I recently stumbled across this self-proclaimed proof of the Collatz Conjecture. It seems very irritating to me that this very hard conjecture is supposedly proven by using very basic counting techniques. Can someone maybe point out some of the mistakes?

Clearly the author didn’t bother to go into any formalisms or to even make a complete proof.

  • $\begingroup$ There are very many "so-called" proofs. I am not sure it is even worth to look at it, if the methods are as you said. Usually someone finds an "error" soon, but this doesn't change anything. The proof will just be "modified" a little bit, and then we restart the whole procedure. Or, as Max says very poetically, it is an "endless flow". $\endgroup$ – Dietrich Burde Apr 19 '19 at 10:10

The first unjustified passage is

"Since it is repeatedly dividing a even number by two, if the series converges, it will sure reach 1. Therefore it is enough to demonstrate that the series converge"

Here "converges" is of course to be taken in a modifed sense of "cycle" (because even if the Collatz conjecture is true, the sequence obviously does not converge in the usual sense). But then it hasn't even been shown yet that $1-4-2$ is the only possible cycle.


"For any starting number N, the series will converge if z is ON AVERAGE greater than the number given by the equation above. In this way the sequence of operations will subtract more than add to the series."

This is not justified either. For it to have any chance of being true, "on average" would have to be quantified way more than just this way. What if, every time it's not greater, then it just becomes way bigger and you can't control it that way ?

I won't go further, because it seems to be again just an endless flow of unjustified claims.

Let me take this opportunity to make a statement about proofs in maths : the point of proofs is that it's not the reader's job to try to correct the proof; the author of the proof has to justify every single one of their claims, if they can't and the reader has an objection to which the "prover" can't answer, then it's not a valid proof.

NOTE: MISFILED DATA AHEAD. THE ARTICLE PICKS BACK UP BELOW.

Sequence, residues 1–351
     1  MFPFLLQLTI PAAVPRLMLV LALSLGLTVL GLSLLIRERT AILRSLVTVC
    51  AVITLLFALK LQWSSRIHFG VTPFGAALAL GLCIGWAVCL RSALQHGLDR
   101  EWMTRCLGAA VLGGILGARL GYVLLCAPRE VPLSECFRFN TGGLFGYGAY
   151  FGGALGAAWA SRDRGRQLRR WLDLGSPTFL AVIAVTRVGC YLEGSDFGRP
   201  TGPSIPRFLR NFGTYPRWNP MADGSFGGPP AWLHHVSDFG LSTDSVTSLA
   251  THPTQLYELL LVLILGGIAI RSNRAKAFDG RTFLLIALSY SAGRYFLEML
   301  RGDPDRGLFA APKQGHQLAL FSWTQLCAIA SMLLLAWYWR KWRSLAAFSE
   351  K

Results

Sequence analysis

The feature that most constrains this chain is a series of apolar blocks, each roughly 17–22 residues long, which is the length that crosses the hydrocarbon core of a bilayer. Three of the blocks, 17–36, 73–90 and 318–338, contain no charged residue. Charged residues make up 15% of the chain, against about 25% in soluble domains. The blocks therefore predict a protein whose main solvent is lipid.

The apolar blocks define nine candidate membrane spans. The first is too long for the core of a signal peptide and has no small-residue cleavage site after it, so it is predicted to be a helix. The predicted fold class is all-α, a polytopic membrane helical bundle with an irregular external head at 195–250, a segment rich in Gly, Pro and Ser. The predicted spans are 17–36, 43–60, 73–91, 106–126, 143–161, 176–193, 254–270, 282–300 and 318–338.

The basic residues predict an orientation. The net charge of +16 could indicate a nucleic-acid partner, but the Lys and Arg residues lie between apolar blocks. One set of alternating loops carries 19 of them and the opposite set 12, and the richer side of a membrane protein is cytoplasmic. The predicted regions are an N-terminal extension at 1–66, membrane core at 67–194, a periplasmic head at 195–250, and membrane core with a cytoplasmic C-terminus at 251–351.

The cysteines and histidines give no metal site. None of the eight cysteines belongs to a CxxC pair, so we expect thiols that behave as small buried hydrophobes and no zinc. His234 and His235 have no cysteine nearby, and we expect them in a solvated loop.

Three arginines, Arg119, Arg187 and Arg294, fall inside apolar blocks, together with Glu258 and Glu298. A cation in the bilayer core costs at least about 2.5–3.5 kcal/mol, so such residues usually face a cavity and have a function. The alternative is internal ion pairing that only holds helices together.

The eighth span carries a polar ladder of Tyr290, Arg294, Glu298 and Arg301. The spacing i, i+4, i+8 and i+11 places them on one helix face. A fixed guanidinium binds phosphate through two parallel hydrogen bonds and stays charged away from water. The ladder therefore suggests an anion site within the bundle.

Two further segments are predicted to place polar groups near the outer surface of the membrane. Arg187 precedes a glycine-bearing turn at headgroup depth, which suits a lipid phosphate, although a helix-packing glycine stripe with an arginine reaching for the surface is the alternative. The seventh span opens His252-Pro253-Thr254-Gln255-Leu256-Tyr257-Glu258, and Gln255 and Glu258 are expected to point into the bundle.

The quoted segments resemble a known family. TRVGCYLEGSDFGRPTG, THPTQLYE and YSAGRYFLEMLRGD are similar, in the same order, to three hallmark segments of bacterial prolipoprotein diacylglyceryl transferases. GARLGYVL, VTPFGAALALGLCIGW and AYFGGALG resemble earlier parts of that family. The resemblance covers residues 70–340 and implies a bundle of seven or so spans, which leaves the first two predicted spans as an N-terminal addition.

Of course, the amount to which one has to justify the claims also depends on the public you're aiming at : professional mathematicians are used to certain types of reasoning and so can fill some gaps by themselves when reading paper (for a stupid basic example, if you're proving something to a mathematicall educated audience, you don't have to say "and then by modus ponens we have ..."); but it is still the case that in the prover vs reader "game", the reader is always right, and when a part of a proof is not clear to them, they are right and the prover has to justify that part of the proof.

  • $\begingroup$ Hi @Max, can you let me know what you think about the following math.stackexchange.com/questions/3489883 it is an attempt, I'm assuming irritating, hopefully slightly less than what is being discussed here. $\endgroup$ – Francis Laclé Dec 28 '19 at 20:01

As has already been pointed out by Max, it is not a proof as it based on unproven claims: in particular, the claim that if you start the sequence with any given number, the number of odd and even numbers in the sequence will in the long run balance out in the ratio 1:2, which would have been 1:1 if you replace the rule for odd numbers with $n\mapsto (3n+1)/2$.

The argument is a heuristic argument of why you might expect the Collatz sequence of some arbitrary number to reach 1. In other words, if the numbers of the sequence behave as if they are random numbers, with nothing special or systematic going on, that is what would happen.

However, the numbers of the sequences are not random. There could be something going on which makes the number of odd and even numbers in some Collatz sequence skewed. How do you prove that doesn't happen?

It could even be the case that the heuristic argument would be correct for most cases, but with a few exceptions. So even from a heuristic point of view, it is not enough to just argue what happens on average: you have to argue why that would be the case for every possible starting point, of which there are an infinite number of possibilities.


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